mark egan  14:11

because, you know, if you, anybody goes to look at your website, what I really like about you obviously have a kind of portfolio of examples. A lot of photographers, you know, I don't mean to be mean, but if you ever seen that scene on maybe the film Zoo lander, where he has this kind of one look, and they go through the calendar, and it looks like pretty much the same shot was just like a different shirt on or whatever. Sometimes you look at photographers thing, and it's, it's almost like they've got kind of one or two tricks. And just whoever turns up, that picture is gonna look the same with the same kind of side lighting or whatever. What I liked about your pictures is each one was very specific to the person. So what is that what? How do you define that? What is that process you're doing as opposed to the photographers and I know they're a very good job. was out there as well. But I do see a lot of portfolios where it is basically, if you want this picture, but with you in it come to me, whereas your specifically is, if you want a picture that reflects you personally come to me.

 

15:13

Yeah, well, one of the things that I noticed within the expert space in terms of their photography is that there's a lot of beautiful work out there, the work is wonderful. But in my estimation, you know, dealing with these experts and talking to them and all of the different research and working with people over the years, I realized that, you know, they're pretty photos aren't enough flattering photos are important, because if they're not flattering, you're never going to use them, you know, that one look, or if it's like a shot, where it looks very, like straightforward, and, you know, they're not going to use those photos, if they're not flattering. But that is not a objective. That's just the prerequisite that photos also need to be revealing and inspiring and relatable as well, because those are the stories that my clients share with their audience. They don't just share sunshine and rainbows, big wins every other day, our moments, oh, my God, my life is amazing. They also talk about when they've been knocked on their ass and how they got up. Because that is an important lesson to share, as well as you know, whatever their flavor of transformation is, for those that they serve, you know, they're talking about a variety of stories that fall across the emotional spectrum. And my job is to capture a portfolio of images that reveals all of these emotions and through their facial expression and their body language. But it's not just about that, it's also about the fact that in order to create relationships with their audience, so that these people are drawn in more to their world, so that they can qualify them and figure out if they are, in fact, the solution to their problems, you got to show them how the sausage is made. And that's why these experts need to show what their processes look like what work looks like, what a learning from them looks like whether it's on a stage or in front of a room, or if it's on a screen, or if it's through their book, we need to see what those images are. Because it's not enough to just talk to talk about how you can help people, you have to show them what it looks like. And that's a huge component to what I do what my clients we figure out what their day to day looks like in business and in life. And we capture those candid images that will bring that home for people. So it inspires their audience to stop the scroll and actually read the content and follow through on the call to action.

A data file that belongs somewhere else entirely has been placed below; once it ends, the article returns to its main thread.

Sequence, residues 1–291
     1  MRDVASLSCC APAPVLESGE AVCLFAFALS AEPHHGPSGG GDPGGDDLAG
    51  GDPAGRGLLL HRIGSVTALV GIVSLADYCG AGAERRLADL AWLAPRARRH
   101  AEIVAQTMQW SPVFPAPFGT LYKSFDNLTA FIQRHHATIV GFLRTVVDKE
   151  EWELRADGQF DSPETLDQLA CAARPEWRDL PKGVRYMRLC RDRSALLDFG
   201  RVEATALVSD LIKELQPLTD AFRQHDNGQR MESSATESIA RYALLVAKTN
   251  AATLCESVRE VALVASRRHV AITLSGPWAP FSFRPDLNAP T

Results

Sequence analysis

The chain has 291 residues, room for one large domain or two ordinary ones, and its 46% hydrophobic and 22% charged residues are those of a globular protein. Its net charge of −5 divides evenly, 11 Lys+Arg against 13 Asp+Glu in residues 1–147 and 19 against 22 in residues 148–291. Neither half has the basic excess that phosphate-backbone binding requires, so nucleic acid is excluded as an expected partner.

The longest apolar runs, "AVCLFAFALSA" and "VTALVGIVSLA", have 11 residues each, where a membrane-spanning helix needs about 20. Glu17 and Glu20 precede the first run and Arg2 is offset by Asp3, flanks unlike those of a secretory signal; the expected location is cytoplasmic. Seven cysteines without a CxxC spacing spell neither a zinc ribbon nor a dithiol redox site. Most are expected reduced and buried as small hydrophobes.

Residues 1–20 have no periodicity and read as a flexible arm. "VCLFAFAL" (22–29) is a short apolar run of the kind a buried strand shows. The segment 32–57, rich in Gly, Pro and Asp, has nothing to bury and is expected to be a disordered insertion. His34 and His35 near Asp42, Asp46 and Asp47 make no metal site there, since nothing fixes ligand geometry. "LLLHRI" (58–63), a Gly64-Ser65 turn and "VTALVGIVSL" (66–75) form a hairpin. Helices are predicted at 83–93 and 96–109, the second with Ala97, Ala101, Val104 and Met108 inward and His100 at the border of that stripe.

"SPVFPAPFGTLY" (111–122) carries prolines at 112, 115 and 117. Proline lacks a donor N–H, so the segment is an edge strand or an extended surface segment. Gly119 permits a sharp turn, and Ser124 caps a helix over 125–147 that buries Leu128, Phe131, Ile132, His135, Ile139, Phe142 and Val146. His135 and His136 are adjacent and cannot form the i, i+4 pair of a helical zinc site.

mark egan  17:46

It's a good example of that whole idea that sometimes people don't realize the skills they do have the value they do have. And you know, you worked on Maury. And one thing I know we knock some of these programs, but and feel free to this disagree with me. But even the most of the kind of tacky, cheesy programs, the people behind them really understand storytelling. They're really understand how to create a story arc how to get people to kind of like you say relatability, how to get people to connect with people. So in a sense, you put together your level of photography, with those skills, would that be a fair thing to say in the sense that everything you saw what from that show you learnt from and then you did the photography? And then you just saw actually if you bring these together, then you're not just another photographer along with lots of other photographers.

 

18:33

Yeah, that that was the that was the linchpin to making this whole veranda lifestyle portrait thing come about and then and, and then moving forward with the virtual photography. It's the same thing. Anytime that there's a person in front of the camera, the goal is to capture various ranges of emotion because that is what hooks people,